Need analysis is the process of determining a family's ability to pay for the costs of attending college. A family may consist of one (1) in the case of a single, independent student or any other family composition (dependent or independent student).
Elements or variables used to assess a family's ability to pay:
- income: taxed and untaxed
- number of family members in college: add other children if you parents will provide more than half of their support from July 1, 2013 to June 30, 2014, or if the other children will be required to provide parental information if they were completing a FAFSA for 2013-2014. Include children who meet any of these standards, even if they don't live with the parent(s). Exclude parents.
- family type (independent or dependent) and composition
- type of tax return filed, if any
Data provided on the Free Application for Federal Student Aid (FAFSA) is analyzed by specific formulas applied to the data. The specific formula used is based on the unique combination of variables mentioned above.
Results of the analysis yield an Expected Family Contribution (EFC). The EFC is a dollar amount your family should be able to contribute toward the costs of attending college according to the Federal regulations.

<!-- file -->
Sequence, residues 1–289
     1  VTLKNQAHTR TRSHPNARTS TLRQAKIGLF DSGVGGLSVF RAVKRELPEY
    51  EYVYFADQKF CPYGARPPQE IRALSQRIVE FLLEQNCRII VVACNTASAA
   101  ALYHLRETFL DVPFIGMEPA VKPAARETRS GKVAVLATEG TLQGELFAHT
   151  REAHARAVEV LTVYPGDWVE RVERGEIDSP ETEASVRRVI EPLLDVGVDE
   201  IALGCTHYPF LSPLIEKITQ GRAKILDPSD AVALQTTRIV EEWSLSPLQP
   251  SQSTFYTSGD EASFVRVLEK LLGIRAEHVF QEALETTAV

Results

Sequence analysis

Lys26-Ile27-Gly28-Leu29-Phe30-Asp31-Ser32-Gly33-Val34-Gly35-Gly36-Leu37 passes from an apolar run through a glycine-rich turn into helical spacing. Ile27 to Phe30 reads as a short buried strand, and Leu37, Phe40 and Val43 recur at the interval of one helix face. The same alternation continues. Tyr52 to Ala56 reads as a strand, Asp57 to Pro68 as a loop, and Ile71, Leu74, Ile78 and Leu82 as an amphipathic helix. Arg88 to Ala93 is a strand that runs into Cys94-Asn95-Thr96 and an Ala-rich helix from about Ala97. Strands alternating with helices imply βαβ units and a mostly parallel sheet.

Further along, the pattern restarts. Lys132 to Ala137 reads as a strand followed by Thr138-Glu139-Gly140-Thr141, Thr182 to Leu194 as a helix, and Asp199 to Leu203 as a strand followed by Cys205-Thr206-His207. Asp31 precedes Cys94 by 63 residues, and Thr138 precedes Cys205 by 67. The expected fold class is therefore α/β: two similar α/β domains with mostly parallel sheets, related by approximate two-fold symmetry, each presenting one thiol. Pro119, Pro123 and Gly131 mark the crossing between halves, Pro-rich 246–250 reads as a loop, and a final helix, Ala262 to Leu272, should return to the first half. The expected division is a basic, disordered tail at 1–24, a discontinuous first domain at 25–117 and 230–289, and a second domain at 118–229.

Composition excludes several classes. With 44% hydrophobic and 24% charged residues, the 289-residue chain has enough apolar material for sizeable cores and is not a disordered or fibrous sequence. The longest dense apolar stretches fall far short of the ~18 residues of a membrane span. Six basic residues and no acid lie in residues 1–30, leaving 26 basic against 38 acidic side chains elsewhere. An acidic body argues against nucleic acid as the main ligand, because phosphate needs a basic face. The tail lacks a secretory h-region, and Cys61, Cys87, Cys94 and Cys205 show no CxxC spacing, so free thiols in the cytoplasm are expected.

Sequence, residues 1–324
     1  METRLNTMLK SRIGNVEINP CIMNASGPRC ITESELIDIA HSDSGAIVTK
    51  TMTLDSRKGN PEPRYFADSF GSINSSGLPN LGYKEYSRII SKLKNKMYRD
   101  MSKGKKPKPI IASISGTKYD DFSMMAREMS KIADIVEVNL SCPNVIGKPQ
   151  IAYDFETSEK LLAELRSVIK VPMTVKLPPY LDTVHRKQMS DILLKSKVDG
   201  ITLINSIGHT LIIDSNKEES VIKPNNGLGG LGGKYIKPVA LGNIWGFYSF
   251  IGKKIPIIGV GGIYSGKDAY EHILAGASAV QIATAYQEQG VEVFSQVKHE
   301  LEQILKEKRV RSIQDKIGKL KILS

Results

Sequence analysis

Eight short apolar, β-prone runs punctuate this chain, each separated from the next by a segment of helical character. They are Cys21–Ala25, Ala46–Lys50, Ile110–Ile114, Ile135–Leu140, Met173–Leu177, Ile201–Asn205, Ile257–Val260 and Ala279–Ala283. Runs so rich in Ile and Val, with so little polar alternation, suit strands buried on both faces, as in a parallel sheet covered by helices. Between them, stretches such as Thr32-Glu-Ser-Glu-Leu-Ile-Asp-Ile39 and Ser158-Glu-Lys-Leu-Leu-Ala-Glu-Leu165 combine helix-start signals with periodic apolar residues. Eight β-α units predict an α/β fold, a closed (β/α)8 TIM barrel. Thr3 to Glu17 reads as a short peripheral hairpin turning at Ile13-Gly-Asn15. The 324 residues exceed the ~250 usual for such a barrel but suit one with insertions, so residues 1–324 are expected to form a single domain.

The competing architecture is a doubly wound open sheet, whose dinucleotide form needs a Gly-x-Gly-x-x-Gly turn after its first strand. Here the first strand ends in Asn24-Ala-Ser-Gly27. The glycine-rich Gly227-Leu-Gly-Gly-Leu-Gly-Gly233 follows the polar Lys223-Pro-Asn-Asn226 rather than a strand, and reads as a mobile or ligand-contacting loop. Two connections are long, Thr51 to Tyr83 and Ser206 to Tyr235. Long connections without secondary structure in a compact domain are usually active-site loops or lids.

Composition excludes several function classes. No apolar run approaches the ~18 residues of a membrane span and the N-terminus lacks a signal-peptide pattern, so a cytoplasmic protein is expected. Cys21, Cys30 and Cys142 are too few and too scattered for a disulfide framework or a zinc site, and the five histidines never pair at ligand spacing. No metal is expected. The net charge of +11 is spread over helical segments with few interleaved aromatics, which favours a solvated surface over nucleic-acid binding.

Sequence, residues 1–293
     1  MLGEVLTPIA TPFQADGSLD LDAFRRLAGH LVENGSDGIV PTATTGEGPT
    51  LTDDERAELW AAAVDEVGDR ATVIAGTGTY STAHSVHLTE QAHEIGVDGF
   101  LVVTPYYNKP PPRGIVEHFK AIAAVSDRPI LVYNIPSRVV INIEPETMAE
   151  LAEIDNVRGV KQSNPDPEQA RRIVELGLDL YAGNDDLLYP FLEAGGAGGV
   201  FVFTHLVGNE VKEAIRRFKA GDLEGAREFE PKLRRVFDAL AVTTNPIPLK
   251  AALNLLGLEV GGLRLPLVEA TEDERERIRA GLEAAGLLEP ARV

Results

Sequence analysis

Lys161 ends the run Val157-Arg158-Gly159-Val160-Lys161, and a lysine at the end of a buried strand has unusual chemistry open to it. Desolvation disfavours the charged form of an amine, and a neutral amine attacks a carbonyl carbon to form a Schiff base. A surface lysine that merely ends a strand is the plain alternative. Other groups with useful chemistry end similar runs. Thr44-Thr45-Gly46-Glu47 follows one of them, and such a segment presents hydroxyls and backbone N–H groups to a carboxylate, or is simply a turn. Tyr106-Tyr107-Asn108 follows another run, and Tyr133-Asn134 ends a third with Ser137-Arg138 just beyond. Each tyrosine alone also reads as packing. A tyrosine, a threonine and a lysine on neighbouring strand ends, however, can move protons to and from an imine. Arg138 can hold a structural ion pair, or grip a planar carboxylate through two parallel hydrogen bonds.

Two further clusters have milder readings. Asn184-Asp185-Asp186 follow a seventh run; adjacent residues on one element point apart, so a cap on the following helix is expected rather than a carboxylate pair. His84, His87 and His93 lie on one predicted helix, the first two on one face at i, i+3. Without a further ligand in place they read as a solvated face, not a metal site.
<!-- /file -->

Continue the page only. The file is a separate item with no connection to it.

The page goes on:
Student financial assistance offices at each college develop standard costs of attendance figures or budgets based on the following items:
- tuition, room and board, fees, transportation
- books/supplies, personal, and miscellaneous expenses
The cost for dependent care, if documented, and special services for handicapped students (if not provided by another source) may be added on a case by case basis.
Standard budgets are usually developed for certain categories of students and only include, by law, basic living expenses for the individual student.
Categories used by the Financial Aid Office at Oklahoma City Community College:
- dependent students living with parents
- independent students
- independent students living with parents
- less than half-time student
Special, well-documented costs, not included in these standard budgets, can only be added if they are a qualified cost under federal regulations.
Financial need is determined by comparing the appropriate costs of attendance (budget) to the applicant's EFC.
If the EFC is less than the cost of attendance used, then the applicant has financial need. The difference between the cost of attendance and EFC is the degree of need an applicant has.
If the EFC is greater than the cost of attendance used, then no financial need exists.
The amount of need and the EFC determines the types of assistance programs for which a given applicant may qualify.
Those applicants who do not demonstrate need are able to receive assistance by borrowing from certain loan programs. Parents of dependent students are also able to borrow from the Direct Parent Loans for Undergraduate Students (PLUS) program.
All applicants for student financial assistance are notified by email from the Financial Aid Office of their eligibility and directed to the college MineOnline site to view their awards.